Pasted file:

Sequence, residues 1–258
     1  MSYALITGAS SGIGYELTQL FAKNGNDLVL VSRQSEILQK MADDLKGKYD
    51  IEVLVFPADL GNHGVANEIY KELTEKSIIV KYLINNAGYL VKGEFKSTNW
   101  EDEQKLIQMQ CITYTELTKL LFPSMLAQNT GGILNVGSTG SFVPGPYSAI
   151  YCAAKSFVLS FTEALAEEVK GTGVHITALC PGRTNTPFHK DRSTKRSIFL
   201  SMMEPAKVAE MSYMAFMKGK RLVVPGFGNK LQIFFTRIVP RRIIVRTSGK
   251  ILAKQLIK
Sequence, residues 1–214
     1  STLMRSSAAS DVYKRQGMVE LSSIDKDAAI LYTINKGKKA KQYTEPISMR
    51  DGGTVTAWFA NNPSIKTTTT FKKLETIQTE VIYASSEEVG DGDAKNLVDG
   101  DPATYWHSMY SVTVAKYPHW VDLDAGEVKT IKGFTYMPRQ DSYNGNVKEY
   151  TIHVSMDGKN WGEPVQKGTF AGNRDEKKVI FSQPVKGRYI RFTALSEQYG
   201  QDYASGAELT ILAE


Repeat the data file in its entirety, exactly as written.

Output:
Sequence, residues 1–258
     1  MSYALITGAS SGIGYELTQL FAKNGNDLVL VSRQSEILQK MADDLKGKYD
    51  IEVLVFPADL GNHGVANEIY KELTEKSIIV KYLINNAGYL VKGEFKSTNW
   101  EDEQKLIQMQ CITYTELTKL LFPSMLAQNT GGILNVGSTG SFVPGPYSAI
   151  YCAAKSFVLS FTEALAEEVK GTGVHITALC PGRTNTPFHK DRSTKRSIFL
   201  SMMEPAKVAE MSYMAFMKGK RLVVPGFGNK LQIFFTRIVP RRIIVRTSGK
   251  ILAKQLIK
Sequence, residues 1–214
     1  STLMRSSAAS DVYKRQGMVE LSSIDKDAAI LYTINKGKKA KQYTEPISMR
    51  DGGTVTAWFA NNPSIKTTTT FKKLETIQTE VIYASSEEVG DGDAKNLVDG
   101  DPATYWHSMY SVTVAKYPHW VDLDAGEVKT IKGFTYMPRQ DSYNGNVKEY
   151  TIHVSMDGKN WGEPVQKGTF AGNRDEKKVI FSQPVKGRYI RFTALSEQYG
   201  QDYASGAELT ILAE